Saturday, December 18, 2010

Weekend Rerun: Judges and Ideology

When I wrote this post on May 11 about Elena Kagan's nomination to the Supreme Court, it hadn't occurred to me that a constitutional challenge to ObamaCare might succeed.  That makes the issues it addresses all the more timely:

Peter Baker’s “news analysis” about the Kagan nomination in today's New York Times doesn’t leave much room for doubt about which side has been winning the ideological battle about the courts over the last twenty-five years (my emphasis):
“The selection of Solicitor General Elena Kagan to be the nation’s 112th justice extends a quarter-century pattern in which Republican presidents generally install strong conservatives on the Supreme Court while Democratic presidents pick candidates who often disappoint their liberal base.

“Ms. Kagan is certainly too liberal for conservatives, who quickly criticized her nomination on Monday as a radical threat. But much like every other Democratic nominee since the 1960s, she does not fit the profile sought by the left, which hungers for a full-throated counterweight to the court’s conservative leader, Justice Antonin Scalia. . . .

“Along the way, conservatives have largely succeeded in framing the debate, putting liberals on the defensive. Sonia Sotomayor echoed conservatives in her Supreme Court confirmation hearings last year by rejecting the idea of a ‘living’ Constitution that evolves, and even President Obama recently said the court had gone too far in the past. While conservatives have played a powerful role in influencing Republican nominations, liberals have not been as potent in Democratic selections.

“In that vein, then, no Democratic nominee since Thurgood Marshall in 1967 has been the sort of outspoken liberal champion that the left craves, while Justice Scalia has been joined by three other solid conservatives in Chief Justice John G. Roberts Jr. and Justices Clarence Thomas and Samuel A. Alito Jr. By all accounts, Mr. Obama did not even consider the candidates favored most by the left, like Harold Hongju Koh, his State Department legal adviser, or Pamela S. Karlan, a Stanford Law School professor.”
What explains the right’s success in moving the whole spectrum of respectable opinion about judicial politics in its direction? Here’s a provisional answer.

If you asked Justices Scalia, Thomas, Alito and Roberts to explain what they’re doing on the bench, they’d give you their theory about why, properly understood, the activity of judging doesn’t permit them to take sides in the day’s political contests. They wouldn’t all recite exactly the same theory: Scalia, Thomas and Alito would probably each give you a slightly different account of why their originalist method of interpreting open-ended constitutional provisions keeps them from bringing their own political values into play while Roberts would probably spin a more complicated theory about how a properly judicial temperament insulates a working judge from political pressures. But, in all cases, if you took them at their word, you could come away believing that they’re doing their best to be an impartial umpire of the political game, not playing in it themselves.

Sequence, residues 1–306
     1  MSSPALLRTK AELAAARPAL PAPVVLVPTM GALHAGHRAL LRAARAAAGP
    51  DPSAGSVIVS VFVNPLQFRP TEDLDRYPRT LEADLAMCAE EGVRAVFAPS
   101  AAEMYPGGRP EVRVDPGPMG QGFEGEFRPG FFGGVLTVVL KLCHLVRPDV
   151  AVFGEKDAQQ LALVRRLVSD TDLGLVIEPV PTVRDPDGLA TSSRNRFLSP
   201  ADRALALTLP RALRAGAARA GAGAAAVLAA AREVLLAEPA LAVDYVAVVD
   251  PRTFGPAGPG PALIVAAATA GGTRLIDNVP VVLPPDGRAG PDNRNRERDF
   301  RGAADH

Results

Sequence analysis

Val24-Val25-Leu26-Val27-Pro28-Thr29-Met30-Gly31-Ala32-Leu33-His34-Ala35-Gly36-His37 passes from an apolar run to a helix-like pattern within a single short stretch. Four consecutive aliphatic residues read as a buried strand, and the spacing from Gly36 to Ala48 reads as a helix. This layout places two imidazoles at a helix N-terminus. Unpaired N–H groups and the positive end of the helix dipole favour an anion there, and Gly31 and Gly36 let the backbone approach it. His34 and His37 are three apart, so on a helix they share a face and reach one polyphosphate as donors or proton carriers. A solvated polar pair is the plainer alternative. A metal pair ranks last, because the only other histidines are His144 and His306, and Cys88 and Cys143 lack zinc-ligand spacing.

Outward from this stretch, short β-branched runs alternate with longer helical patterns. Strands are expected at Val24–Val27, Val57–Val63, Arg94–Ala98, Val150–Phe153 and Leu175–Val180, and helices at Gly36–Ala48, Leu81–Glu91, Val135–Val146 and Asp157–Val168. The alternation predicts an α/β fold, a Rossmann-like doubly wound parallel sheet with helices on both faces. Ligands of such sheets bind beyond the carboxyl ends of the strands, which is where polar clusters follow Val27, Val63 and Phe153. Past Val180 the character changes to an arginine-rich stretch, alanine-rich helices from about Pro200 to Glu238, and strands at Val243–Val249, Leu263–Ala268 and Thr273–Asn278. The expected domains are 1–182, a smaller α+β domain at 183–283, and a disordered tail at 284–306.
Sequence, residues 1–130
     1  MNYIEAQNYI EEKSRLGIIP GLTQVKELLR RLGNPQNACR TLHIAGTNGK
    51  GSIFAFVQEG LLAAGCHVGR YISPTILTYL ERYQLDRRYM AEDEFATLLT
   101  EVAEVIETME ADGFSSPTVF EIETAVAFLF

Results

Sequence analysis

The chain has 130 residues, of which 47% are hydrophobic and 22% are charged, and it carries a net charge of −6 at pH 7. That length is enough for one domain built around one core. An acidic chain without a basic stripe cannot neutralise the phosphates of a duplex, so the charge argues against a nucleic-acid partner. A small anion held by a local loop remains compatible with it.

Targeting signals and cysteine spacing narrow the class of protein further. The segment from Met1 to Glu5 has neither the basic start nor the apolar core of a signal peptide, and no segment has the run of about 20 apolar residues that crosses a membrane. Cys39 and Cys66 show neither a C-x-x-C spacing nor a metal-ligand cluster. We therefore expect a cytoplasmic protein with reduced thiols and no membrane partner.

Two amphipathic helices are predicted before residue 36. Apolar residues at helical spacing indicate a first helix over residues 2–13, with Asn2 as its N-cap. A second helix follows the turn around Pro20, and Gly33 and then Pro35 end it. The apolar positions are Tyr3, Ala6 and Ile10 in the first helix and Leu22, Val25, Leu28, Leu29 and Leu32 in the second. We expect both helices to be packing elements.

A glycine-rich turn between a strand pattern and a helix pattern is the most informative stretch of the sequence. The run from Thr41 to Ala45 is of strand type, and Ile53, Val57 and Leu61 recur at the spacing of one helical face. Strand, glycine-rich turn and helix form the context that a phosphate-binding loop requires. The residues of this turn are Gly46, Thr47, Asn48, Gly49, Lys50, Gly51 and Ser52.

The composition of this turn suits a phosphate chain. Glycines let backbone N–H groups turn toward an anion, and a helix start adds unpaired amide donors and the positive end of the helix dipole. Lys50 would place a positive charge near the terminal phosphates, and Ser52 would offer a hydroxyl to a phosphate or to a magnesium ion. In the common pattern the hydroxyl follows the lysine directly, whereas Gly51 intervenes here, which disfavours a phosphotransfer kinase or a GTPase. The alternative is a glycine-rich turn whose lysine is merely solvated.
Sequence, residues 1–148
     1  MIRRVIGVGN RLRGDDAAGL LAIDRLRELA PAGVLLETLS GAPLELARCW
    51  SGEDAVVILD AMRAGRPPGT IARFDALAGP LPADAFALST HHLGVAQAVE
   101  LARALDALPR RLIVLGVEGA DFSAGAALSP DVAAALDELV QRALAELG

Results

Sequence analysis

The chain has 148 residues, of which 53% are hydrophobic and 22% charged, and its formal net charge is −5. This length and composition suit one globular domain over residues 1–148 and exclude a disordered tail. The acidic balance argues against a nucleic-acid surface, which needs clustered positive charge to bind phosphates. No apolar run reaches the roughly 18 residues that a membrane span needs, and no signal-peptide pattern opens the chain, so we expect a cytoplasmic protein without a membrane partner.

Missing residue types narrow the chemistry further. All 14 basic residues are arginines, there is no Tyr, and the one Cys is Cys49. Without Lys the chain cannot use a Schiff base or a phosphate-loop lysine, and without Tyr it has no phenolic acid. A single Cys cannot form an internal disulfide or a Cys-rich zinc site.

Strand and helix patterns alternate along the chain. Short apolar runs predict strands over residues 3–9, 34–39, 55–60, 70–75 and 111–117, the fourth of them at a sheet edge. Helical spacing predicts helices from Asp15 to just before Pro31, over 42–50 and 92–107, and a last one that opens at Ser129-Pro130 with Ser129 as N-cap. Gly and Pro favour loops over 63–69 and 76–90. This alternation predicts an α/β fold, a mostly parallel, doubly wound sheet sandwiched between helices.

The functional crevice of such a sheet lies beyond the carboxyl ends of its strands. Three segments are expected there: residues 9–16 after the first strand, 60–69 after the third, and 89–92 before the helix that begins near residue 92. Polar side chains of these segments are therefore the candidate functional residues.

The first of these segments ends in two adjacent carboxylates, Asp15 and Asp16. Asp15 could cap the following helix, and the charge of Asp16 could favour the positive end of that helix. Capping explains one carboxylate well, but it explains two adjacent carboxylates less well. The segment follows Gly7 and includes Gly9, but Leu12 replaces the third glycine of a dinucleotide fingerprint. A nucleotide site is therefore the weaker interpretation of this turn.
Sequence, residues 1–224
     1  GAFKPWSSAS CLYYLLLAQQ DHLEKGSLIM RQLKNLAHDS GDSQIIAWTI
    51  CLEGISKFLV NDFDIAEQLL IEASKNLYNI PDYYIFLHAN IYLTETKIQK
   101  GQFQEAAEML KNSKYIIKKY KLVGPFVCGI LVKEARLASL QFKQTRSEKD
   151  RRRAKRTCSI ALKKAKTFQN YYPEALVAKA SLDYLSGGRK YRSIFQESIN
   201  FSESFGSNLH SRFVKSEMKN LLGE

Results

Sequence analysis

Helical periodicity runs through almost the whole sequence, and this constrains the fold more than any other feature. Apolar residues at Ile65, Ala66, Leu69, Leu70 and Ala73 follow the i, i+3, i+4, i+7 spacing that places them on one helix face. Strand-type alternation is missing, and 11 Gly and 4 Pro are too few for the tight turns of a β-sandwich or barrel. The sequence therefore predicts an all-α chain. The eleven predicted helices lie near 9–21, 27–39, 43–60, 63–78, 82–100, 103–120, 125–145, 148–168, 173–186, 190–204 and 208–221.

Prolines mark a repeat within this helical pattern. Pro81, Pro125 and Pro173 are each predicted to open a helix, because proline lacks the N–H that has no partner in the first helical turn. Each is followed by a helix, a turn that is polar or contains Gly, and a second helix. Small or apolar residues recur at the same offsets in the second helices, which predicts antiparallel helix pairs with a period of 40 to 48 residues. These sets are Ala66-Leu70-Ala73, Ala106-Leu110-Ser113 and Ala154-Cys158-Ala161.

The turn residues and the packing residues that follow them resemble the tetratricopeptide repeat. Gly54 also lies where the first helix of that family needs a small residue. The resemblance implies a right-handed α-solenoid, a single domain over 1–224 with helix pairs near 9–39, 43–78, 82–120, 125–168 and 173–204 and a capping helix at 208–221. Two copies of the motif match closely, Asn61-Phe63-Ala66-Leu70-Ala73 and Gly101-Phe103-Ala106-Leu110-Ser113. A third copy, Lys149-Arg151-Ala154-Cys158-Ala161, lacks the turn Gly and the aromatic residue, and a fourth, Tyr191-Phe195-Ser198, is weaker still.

Most liberals, of course, don't take them at their word. They dismiss judicial conservatives' pretenses of ideological neutrality as feeble rationalizations. They’d point to decisions like Bush v. Gore and Citizens United as evidence that, at political crunch time, conservative judges always find a way to make their allegedly apolitical judicial methodology spit out politically conservative results.

Leave aside the issue of whether conservative theories of judicial neutrality are as deficient as most liberals think they are. What's important for present purposes is that few liberals purport to have a better theory of what makes judicial conduct politically neutral (and those who have in the past, like John Hart Ely, are now read more closely by conservatives than liberals). Liberals have persuaded themselves that the notion that judges are neutral umpires in our political contests is wishful thinking at best and, at worst, cynical conservative propaganda. In virtually all of the cases that end up before the Supreme Court because established precedents don’t generate a clear result, liberal judges don’t aspire to political neutrality because they don’t think it exists.

Maybe they're right. But if that’s so, it’s not obvious why a litigant in a politically charged case standing before a judge who rejects his ideological predispositions should think he’s getting a fair shake. Nor is it obvious what we’ve meant all these years when we tell ourselves that justice is blind. Justice Sotomayor and her handlers within the Obama administration, trying to undo the damage caused by her "wise Latina" speeches at her Senate confirmation hearings, couldn’t come up with an explanation of judicial impartiality that sounded much different from John Roberts’s. That's a pretty good indication of how hard it is to beat even a bad theory when you don't have a theory of your own.

No comments: